Slatestarcodex Is Back
Last summer, the NY Times threatened to reveal pseudonymous blogger Scott Alexander’s identity.
His response was to blow up any basis for a story:
I deleted my blog of 1,557 posts.
I wanted to protect my privacy, but I ended up with articles about me in New Yorker, Reason, and The Daily Beast. I wanted to protect my anonymity, but I Streisand-Effected myself, and a bunch of trolls went around posting my real name everywhere they could find. I wanted to avoid losing my day job, but ended up quitting so they wouldn’t be affected by the fallout. I lost a five-digit sum in advertising and Patreon fees. I accidentally sent about three hundred emails to each of five thousand people in the process of trying to put my blog back up.
I had, not to mince words about it, a really weird year.
The story of his year is remarkable in many ways. From the outpouring of supporters to behind the scenes intrigue. The reasons behind his response range from practical concerns specific to his work to the philosophical discussion of power and privacy. Something that matters the world to you is vulnerable to being obliterated by some journalist’s “Tuesday”.
Check out the full homecoming post: Still Alive. (Link)
Trevor McKendrick on Slatestarcodex:
If you were a fan of Slate Star Codex you undoubtedly already heard the news, but let me use this moment to sell everyone else on Scott’s writing.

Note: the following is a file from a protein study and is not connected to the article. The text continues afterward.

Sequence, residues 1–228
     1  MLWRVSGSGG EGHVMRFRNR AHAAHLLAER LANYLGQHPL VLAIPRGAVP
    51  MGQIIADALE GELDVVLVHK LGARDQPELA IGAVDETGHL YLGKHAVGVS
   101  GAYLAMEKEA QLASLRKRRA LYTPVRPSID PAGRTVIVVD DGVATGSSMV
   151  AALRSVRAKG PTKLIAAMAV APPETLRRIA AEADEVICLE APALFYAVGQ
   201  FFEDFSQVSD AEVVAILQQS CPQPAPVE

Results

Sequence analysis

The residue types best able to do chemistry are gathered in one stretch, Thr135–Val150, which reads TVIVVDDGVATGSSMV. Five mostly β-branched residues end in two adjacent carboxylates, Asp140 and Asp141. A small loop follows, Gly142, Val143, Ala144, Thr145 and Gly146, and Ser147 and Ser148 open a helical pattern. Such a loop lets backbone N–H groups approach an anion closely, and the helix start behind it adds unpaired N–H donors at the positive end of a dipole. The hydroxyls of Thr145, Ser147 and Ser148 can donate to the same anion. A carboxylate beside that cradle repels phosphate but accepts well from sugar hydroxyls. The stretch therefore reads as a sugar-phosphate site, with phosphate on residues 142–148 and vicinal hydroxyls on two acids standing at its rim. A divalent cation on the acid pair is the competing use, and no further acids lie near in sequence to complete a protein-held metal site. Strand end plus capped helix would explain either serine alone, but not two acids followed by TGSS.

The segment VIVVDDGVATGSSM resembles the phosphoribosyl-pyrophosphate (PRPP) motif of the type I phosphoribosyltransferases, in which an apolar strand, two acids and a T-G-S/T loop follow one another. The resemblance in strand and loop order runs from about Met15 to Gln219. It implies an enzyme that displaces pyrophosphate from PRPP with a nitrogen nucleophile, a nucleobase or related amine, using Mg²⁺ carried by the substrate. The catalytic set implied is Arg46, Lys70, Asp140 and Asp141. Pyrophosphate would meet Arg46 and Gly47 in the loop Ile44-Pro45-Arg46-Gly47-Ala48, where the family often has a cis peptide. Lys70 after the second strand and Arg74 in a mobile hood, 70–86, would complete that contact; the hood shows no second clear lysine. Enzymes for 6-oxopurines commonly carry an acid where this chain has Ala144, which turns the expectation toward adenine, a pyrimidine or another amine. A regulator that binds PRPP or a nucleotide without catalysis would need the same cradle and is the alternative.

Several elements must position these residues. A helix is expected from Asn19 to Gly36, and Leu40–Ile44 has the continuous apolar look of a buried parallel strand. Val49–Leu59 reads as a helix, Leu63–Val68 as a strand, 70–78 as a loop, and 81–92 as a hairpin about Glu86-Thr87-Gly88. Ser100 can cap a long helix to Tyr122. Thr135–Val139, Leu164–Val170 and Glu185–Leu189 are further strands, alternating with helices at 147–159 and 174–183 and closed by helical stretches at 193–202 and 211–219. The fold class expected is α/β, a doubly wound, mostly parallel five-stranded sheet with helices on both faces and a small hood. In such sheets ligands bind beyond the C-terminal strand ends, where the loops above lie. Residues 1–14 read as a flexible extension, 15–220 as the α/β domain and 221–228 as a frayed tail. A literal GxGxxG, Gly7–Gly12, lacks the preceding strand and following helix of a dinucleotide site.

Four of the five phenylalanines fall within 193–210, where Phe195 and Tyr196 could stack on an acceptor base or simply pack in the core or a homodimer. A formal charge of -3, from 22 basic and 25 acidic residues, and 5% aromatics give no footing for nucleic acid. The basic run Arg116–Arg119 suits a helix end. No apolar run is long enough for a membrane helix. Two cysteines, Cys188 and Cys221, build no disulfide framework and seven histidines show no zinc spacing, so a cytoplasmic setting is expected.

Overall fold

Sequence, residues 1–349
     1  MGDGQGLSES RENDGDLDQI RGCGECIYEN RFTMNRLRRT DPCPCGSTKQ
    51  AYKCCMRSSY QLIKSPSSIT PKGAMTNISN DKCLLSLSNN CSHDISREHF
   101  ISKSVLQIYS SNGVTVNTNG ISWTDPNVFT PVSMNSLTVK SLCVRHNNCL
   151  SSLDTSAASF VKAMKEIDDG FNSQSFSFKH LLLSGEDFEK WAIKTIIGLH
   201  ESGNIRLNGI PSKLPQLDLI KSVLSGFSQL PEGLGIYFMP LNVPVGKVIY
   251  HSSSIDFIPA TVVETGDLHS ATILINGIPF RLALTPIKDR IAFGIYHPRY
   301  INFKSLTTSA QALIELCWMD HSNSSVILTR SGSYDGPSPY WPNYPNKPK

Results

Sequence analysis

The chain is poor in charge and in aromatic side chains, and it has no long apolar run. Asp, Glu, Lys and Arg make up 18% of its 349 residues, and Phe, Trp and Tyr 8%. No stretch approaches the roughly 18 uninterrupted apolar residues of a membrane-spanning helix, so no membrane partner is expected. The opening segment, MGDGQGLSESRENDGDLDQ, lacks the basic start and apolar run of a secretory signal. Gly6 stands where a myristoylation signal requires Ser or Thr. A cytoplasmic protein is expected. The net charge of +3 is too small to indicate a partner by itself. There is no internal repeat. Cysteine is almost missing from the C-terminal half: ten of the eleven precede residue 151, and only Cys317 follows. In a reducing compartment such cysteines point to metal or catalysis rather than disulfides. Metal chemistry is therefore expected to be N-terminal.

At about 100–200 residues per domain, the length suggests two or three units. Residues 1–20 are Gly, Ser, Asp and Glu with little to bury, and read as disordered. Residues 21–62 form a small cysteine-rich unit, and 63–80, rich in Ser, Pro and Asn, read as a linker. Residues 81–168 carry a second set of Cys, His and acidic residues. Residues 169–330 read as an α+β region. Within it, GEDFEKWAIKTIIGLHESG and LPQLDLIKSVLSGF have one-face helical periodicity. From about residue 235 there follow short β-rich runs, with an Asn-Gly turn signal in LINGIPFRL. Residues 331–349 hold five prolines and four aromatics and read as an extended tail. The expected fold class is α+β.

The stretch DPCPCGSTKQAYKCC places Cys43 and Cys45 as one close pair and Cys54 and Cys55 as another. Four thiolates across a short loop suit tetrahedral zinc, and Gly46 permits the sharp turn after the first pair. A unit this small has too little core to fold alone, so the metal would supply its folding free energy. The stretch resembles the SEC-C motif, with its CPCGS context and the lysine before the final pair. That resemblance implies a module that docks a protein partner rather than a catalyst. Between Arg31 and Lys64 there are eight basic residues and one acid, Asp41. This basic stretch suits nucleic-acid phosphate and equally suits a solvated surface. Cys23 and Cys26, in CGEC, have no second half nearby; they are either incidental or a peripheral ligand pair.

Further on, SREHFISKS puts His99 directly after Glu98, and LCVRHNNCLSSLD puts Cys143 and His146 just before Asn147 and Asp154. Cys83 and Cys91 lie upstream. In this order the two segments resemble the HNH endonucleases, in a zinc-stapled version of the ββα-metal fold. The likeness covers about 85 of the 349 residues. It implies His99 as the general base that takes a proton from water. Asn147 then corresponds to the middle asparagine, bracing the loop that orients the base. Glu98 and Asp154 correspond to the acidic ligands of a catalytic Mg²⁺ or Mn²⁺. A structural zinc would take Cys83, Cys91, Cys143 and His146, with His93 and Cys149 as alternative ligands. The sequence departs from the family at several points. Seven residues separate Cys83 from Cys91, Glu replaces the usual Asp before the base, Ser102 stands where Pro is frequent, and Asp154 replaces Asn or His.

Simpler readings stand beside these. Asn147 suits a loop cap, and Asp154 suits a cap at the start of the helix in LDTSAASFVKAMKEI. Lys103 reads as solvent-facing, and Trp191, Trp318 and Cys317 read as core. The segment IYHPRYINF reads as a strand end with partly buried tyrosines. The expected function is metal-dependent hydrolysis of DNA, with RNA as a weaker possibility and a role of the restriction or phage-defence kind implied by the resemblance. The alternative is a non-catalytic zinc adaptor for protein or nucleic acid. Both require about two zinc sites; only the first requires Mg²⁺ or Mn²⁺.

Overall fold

The only person who writes well enough to describe why Scott’s work is so good is Scott but I’ll try my best anyway: his writing makes me feel alive, explains complex topics with rigor yet approachable language, and is regularly laugh-out-loud funny.
It’d be one thing if he were merely rewriting published papers to make them easier to read, or doing groundbreaking research in normal dense language, or only occasionally going deeper on the most important topics of the day.
Somehow he does all of these things, regularly, and better than anyone else I’ve found.
A Twitter thread about Scott’s return that’s worth reading.
One part that describes what makes him so good: “Scott asks big questions across a wide variety of domains and doesn’t rest until he has clear answers. No, he doesn’t rest until he can explain those answers to you lucidly. No, wait, he doesn’t rest until he can do that and also make you laugh out loud.”
Some of his best work you could start with:
I Can Tolerate Anything Except the Outgroup – probably the most important piece you can read during our current political times
Beware the Man of One Study – in which Scott describes why I find e.g. nutrition to be a fuzzy science at best
Slatestarcodex has revealed himself to be Bay Area psychiatrist Scott Siskind. He’s not taking new patients but he started a new practice and the website is worth a visit. This post talks about the difference between prescription drugs and supplements and includes a list of his favorite supplements for various conditions. (Lorien Psychiatry)
As the meme goes, men will read Scott’s blog instead of going to therapy.